Q. Share a snapshot of your married life before the pandemic. Where were you in the trajectory of your relationship when the lockdown started?

Anne: I met my now-husband Kenny Soule in 1997. He’s a professional drummer and was playing in a band with a dear friend of mine from college. We were long-distance in those days – him in Raleigh, NC, and me in Brooklyn, NYC. In 2001, he relocated to NYC, and we moved in together. In 2003, we married. In 2006, we bought our house in Queens, NYC. That is where we were when the pandemic hit. And that is where we have stayed for the duration.

Alyssa: My husband and I got married in November 2019. We had not lived together before our marriage, so that 2019/2020 winter was already a huge learning curve. My husband was also working full-time and taking evening classes while I worked days, so we had opposite schedules for those first few months. Like most of us, that all changed in March 2020.

Q. How has the pandemic altered your expectations or routines?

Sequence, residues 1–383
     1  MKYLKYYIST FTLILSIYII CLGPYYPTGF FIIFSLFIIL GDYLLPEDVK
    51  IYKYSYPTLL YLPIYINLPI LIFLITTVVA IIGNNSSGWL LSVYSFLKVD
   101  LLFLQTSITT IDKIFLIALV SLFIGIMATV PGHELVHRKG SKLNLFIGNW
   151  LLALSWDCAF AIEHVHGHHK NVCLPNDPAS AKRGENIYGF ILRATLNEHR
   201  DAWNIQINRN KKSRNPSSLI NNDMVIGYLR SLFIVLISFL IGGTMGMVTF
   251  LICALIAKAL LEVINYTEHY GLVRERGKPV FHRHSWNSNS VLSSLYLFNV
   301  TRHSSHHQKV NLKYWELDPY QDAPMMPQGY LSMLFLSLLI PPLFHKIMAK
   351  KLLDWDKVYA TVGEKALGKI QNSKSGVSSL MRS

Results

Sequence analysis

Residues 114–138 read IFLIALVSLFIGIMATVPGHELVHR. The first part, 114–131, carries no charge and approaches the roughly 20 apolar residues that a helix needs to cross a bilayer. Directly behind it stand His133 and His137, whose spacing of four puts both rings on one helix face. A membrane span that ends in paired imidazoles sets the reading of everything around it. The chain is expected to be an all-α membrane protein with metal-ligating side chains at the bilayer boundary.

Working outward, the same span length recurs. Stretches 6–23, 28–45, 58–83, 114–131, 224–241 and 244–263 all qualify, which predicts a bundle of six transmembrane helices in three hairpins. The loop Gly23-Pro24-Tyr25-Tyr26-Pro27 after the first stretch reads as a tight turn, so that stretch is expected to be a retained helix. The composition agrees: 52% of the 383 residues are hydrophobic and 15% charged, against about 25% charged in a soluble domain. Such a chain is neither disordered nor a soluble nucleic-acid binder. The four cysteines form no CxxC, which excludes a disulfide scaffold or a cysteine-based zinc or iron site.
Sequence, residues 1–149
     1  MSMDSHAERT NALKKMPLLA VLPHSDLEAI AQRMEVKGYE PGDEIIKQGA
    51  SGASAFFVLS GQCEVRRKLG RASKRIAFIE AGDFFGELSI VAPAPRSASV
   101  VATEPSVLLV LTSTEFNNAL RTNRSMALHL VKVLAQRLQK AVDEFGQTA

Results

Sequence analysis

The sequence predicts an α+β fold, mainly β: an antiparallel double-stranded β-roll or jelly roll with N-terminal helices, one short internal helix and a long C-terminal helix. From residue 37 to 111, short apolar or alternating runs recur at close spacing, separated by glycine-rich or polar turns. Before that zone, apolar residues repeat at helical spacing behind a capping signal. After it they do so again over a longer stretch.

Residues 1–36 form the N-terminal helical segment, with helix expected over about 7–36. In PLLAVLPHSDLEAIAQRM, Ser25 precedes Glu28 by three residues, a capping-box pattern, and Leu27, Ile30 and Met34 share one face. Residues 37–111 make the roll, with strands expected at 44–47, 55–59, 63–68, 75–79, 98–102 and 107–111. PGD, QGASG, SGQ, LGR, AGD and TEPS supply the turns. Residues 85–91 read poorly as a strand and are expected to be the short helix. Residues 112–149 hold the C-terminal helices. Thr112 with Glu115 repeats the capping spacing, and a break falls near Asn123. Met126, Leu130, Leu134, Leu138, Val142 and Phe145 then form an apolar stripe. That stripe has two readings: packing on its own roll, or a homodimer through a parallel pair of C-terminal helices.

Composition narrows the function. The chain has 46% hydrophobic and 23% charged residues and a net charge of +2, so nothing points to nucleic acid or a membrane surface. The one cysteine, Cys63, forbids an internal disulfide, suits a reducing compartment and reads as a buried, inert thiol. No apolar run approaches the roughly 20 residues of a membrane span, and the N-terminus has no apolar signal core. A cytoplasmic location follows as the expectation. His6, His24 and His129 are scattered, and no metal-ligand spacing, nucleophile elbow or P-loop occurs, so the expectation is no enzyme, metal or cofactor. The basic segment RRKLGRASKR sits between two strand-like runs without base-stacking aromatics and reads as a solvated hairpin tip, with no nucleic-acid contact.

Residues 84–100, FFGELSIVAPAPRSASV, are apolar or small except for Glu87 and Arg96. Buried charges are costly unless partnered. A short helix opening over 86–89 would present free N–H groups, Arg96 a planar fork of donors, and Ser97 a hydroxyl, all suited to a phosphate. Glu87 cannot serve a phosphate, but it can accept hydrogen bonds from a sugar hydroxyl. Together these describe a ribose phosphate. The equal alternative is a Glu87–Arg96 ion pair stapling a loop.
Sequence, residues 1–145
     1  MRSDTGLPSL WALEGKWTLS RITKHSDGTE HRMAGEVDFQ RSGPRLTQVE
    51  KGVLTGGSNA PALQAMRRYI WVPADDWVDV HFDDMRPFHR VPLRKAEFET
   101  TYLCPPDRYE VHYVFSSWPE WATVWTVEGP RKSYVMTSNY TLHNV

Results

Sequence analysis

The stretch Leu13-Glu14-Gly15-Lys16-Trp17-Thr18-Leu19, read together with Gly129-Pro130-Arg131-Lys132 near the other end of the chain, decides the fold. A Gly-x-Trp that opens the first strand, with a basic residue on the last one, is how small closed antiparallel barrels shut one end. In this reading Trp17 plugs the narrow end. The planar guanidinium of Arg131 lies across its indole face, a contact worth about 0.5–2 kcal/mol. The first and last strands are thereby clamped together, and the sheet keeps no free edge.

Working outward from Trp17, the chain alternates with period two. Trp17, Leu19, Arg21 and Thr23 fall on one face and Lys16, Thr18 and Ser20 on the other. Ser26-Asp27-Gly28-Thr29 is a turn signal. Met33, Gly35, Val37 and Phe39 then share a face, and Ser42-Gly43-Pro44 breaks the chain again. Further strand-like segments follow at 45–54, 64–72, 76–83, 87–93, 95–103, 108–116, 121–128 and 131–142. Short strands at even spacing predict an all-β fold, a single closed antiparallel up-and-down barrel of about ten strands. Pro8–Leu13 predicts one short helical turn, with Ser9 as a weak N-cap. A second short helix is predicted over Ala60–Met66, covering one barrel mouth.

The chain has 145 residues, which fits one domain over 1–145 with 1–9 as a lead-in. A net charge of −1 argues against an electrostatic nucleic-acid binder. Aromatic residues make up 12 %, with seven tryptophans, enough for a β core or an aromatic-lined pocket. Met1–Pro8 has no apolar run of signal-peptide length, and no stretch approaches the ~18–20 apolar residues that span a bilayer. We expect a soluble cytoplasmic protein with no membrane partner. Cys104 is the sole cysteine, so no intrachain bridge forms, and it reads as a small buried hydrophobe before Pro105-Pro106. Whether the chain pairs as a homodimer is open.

Anne: Given the nature of our work and opposing schedules, this is the most sustained and consistent amount of time we have spent together since meeting nearly 25 years ago. As a musician, he works at night and was often out gigging. As a corporate person, I am up at dawn and in bed by 10:00 pm. We both used to travel regularly. To be constantly home, constantly together, was the most obvious shift. Yet another big change has been bringing the intensity of my workspace (and work headspace) to our home. My job in agency leadership has been as 24/7 as ever, even as his life’s work of playing music live disappeared literally overnight. Thankfully his home studio and recording capabilities allowed him to continue collaborating and making music remotely. But it’s certainly nowhere near the same.

Alyssa: In January 2020, my husband and I deemed it the “year of the fun” (no joke - you can check my Instagram). He had been in school and working weekends for most of our relationship, so when we found out his school schedule was going to lighten up a bit in 2020, we decided that it was going to be the year that we would actually go on trips with friends, go to the weeknight concerts, have brunch on Saturdays and travel the world. We didn’t want to miss out on any more experiences or say no to any more invites. Ha. When the lockdown first happened, my husband was put on furlough, his school was switched to virtual, and suddenly, we got what we always wanted, time together. But it was a lot of time together. In a one-bedroom apartment. With no plans. No experiences. No fun. Eventually, he went back to work (including on Saturdays, womp, womp) and started school again, and it was clear that our “year of the fun” was not going to be what we imagined.